Jorvik Viking Centre
The Jorvik Viking Centre, situated at Coppergate, is one of Britain's most popular visitor attractions. It was created by the York Archaeological Trust in 1984 and designed by John Sunderland, when prior to the building of the Coppergate Shopping Centre, the trust conducted extensive excavations in the area.
Between the years 1976 and 81 archaeologists from York Archaeological Trust, including a team of about twelve professional excavators along with students from all over the world continued excavations. Their efforts revealed the houses, workshops and backyards of the Viking-Age city of Jorvik as it stood nearly 1,000 years ago.
The team excavated over 1,000 square metres, finding the remains of tenth century Viking age buildings surrounded by moist, spongy layers of earth similar to that of a peat bog, the damp conditions had helped to preserve everyday Viking items and a mass of finds were unearthed from every era of York's history. The excavation shone a light on the city's Viking past.
Finds included vast quantities of food remains such as animal bones and oyster shells, Roman and medieval roof tiles, weapons, a coin dye, timber and woven wattles, metal working slag and around a quarter of a million pieces of pottery. Archaeologists unearthed remarkable evidence of Viking cottage industry, including metalworking, jewellery making and the craft that gave Coppergate its name - the manufacture of wooden cups and bowls.
At the Jorvik Centre remains of 1,000 year old houses are revealed and objects uncovered from the excavations at Coppergate are on display. New audio and video exhibits help the visitor to investigate all of the information gathered from the 5-year long dig at Coppergate and piece together the puzzle of where the Vikings came from, how they came here to York, why they settled and how they lived, worked and traded with other civilizations across the world.
Visitors are taken back to 5:30 pm 25 October 975 AD in a time-capsule. The reconstructed Viking-age city includes citizens speaking the Old Norse language, their houses and back yards, the smells of the city at that time are also recreated. Pigsties, fish market and latrines are also recreated, with a view to bringing the Viking city fully to life using innovative interpretative methods. Using newly commissioned studies a female skeleton reveals to visitors how the Vikings of Jorvik lived, what diseases and afflictions they suffered from, what they ate and even what she looked like. Working with archaeologists from universities across Britain this new research is brought to the public for the first time. Among the exhibits is a replica of the Coppergate Helmet, which was found near the site of the centre and is now in the Yorkshire Museum.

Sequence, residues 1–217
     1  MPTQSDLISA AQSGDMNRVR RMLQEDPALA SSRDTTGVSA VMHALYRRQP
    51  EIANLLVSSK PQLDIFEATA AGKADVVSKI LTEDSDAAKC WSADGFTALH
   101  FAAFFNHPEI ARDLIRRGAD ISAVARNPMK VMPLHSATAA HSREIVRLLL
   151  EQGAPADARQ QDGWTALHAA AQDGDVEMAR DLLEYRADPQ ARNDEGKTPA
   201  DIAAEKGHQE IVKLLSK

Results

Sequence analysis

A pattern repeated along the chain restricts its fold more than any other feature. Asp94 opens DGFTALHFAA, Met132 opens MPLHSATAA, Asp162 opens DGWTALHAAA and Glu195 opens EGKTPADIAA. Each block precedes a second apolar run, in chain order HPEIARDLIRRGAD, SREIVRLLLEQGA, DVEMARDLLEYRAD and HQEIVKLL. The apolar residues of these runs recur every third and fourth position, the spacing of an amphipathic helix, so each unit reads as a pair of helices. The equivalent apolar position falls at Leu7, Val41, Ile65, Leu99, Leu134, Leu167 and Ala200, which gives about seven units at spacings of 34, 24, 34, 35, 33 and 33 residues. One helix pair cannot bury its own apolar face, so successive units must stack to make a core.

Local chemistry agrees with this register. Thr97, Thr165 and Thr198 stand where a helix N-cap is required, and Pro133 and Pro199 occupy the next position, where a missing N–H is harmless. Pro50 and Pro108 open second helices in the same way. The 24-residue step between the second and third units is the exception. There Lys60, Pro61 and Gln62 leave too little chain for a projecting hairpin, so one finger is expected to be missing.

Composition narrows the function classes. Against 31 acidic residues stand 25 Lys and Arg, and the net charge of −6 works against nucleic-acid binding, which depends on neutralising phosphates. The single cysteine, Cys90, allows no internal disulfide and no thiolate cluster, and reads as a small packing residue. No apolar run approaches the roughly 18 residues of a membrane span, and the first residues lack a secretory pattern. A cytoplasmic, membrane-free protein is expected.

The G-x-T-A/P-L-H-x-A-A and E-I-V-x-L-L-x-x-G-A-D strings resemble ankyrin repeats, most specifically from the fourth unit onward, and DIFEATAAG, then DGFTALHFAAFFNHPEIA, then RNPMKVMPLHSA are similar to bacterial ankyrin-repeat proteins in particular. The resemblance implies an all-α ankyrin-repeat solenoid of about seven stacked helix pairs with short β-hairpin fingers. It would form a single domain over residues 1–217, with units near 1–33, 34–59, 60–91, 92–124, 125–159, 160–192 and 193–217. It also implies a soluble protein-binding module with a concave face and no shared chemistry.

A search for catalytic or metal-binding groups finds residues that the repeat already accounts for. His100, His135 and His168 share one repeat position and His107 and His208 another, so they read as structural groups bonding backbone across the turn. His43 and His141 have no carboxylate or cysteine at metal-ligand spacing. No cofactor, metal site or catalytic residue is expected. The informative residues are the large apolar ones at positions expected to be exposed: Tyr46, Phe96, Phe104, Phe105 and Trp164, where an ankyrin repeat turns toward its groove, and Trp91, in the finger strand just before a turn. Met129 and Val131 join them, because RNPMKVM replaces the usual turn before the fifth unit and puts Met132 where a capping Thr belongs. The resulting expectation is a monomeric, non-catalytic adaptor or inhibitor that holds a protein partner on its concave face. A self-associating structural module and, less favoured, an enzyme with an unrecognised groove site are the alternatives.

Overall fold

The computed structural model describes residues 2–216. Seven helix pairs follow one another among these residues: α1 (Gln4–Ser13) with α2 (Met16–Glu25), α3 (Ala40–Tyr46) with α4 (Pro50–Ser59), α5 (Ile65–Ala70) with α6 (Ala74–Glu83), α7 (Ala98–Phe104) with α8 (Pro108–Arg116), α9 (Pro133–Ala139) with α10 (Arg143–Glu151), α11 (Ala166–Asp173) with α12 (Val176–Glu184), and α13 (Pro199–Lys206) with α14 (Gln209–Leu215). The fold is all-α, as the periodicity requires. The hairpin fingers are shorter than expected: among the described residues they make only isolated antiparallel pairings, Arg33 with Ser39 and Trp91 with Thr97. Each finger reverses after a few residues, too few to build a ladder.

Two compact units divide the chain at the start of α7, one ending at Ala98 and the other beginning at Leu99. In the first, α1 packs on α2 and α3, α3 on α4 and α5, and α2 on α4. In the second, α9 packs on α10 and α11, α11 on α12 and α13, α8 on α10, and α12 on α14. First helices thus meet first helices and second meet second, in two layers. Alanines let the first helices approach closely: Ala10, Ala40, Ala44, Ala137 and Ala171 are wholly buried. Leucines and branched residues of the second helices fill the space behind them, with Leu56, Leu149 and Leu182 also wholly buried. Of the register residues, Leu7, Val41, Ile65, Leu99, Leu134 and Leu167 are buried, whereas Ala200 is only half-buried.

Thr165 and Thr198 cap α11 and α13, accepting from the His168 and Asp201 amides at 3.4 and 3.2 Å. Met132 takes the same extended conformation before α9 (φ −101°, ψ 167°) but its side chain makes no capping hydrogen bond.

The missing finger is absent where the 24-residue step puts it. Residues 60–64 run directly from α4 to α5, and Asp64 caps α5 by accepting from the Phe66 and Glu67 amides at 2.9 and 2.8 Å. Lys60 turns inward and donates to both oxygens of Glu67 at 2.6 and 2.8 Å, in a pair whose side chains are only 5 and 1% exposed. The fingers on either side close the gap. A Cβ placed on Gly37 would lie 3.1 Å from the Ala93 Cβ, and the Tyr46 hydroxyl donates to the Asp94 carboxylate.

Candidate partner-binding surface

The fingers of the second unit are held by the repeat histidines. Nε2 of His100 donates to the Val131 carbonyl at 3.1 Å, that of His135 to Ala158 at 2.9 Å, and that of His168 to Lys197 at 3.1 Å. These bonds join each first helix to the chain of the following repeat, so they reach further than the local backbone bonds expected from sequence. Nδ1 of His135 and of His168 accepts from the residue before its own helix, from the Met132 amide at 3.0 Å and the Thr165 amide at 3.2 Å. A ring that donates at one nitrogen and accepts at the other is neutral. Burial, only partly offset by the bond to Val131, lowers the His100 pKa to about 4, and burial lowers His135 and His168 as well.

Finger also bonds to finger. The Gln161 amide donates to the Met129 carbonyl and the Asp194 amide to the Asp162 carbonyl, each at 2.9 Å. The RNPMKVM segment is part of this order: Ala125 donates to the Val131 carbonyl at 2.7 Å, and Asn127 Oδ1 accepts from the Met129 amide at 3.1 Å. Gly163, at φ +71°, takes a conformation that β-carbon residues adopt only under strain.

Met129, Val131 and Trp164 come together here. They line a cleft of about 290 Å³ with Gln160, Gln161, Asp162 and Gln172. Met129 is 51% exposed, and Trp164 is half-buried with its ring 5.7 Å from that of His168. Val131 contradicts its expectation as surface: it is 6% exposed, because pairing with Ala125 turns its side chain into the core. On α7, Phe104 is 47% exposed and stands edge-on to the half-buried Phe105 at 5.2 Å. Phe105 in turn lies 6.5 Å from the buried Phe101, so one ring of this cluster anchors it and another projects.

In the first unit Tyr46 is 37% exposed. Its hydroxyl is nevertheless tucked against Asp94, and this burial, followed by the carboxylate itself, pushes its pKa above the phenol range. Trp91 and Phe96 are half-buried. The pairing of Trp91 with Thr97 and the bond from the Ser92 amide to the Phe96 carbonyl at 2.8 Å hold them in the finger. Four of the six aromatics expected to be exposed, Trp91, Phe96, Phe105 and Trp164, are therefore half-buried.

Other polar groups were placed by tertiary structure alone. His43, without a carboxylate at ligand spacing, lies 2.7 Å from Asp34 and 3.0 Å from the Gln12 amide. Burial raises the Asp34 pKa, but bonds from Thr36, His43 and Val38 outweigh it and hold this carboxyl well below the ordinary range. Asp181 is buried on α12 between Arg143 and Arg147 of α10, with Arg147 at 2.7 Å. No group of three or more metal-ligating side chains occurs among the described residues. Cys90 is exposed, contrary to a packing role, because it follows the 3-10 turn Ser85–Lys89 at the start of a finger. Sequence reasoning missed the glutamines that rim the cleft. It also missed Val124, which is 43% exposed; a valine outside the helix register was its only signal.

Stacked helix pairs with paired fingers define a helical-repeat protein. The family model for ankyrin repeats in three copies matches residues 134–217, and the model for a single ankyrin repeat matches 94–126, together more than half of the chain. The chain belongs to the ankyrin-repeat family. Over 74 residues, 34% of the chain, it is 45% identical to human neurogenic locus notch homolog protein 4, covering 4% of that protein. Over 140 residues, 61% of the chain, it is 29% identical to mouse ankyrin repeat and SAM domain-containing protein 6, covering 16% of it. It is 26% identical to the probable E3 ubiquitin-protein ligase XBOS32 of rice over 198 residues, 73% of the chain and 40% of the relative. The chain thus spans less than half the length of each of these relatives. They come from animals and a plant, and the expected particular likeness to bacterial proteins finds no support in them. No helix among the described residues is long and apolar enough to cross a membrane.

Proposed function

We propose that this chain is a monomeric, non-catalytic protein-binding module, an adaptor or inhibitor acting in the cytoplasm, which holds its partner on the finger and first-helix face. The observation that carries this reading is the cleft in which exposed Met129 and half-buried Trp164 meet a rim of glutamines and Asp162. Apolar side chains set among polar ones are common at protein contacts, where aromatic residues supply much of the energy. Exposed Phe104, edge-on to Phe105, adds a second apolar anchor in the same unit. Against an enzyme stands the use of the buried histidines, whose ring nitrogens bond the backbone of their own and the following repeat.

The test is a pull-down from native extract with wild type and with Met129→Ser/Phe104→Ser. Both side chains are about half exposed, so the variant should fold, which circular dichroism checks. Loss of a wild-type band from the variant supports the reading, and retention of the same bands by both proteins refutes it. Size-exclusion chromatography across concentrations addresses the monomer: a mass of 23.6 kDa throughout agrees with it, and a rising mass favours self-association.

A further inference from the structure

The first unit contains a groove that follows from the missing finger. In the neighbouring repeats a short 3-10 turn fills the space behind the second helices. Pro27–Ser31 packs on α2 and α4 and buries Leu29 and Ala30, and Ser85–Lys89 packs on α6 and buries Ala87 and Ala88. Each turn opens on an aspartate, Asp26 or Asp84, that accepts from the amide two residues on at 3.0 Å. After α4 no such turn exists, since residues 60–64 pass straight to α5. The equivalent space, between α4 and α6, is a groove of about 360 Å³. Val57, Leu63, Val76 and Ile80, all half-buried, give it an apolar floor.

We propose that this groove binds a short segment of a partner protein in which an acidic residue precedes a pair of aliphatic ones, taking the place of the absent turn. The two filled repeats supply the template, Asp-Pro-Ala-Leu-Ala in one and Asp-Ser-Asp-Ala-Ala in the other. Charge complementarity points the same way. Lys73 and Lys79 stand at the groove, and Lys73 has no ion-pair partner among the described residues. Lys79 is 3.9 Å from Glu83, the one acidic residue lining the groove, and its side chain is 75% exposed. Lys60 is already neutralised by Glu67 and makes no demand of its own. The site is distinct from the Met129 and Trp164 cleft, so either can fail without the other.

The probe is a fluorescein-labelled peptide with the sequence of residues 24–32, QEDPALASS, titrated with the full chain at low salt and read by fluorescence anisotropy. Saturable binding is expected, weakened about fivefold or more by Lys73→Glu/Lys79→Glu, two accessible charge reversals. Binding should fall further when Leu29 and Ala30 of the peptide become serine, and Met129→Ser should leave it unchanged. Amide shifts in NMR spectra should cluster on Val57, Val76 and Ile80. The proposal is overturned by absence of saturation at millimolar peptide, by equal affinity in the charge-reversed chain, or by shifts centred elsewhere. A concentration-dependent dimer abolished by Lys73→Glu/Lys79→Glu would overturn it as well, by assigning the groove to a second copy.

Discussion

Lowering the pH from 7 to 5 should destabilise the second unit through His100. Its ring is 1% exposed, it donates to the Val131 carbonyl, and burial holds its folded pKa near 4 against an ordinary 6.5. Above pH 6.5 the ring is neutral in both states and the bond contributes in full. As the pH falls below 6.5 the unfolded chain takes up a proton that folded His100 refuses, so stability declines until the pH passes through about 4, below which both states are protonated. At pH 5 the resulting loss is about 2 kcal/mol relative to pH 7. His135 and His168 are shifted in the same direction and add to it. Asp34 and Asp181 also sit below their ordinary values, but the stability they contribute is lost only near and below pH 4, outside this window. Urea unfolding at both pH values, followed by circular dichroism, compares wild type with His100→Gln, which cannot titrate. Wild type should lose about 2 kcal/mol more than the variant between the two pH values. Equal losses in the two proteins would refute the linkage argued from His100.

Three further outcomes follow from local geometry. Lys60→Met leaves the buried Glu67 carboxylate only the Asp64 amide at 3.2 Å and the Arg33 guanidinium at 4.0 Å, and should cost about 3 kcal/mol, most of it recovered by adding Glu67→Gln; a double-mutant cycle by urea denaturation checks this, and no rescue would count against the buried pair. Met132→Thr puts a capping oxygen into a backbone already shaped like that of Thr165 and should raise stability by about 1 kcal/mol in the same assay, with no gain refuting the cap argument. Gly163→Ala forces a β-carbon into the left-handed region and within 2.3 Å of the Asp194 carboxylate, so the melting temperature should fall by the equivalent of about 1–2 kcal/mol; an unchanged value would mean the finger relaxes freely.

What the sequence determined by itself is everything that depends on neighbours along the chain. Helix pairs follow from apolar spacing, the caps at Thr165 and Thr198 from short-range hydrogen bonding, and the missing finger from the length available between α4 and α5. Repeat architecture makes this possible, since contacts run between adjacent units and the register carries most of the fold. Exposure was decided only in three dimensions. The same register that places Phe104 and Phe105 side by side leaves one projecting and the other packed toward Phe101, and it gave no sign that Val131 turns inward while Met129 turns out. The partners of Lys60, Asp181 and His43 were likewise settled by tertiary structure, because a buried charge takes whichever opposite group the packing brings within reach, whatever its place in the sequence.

Jorvik Viking Centre is not billed as a museum but as an “experience”; this type of educational representation of the past, known as a “Time Warp” experience, has become increasingly popular with the creation of Jorvik. The centre has received over 17 million visitors over the past 30 years, who journey through the reconstruction of Viking Age streets, as they would have appeared 1,000 years ago. The Centre also offers four exhibitions and the chance to actually come face to face with a Viking.
Jorvik Viking Festival
Recognised as the largest event of its kind in Europe, the annual Jorvik Viking Festival is a city-wide celebration of York's Viking heritage.Taking place every February Half Term, the festival’s programme of family-friendly events, lectures, guided walks and battle re-enactments attracts over 40,000 visitors each year from across the globe, with many returning year after year to take part and enjoy the atmosphere.
Vikings from all over the world descend on York for a week-long celebration of the last Viking King in York, Eric Bloodaxe. With an exciting programme of events inspired by this Norse monarch on offer including living history encampments, talks and of course dramatic combat performances there is something for everyone at the Viking Festival.
Images courtesy of Paul Johnson
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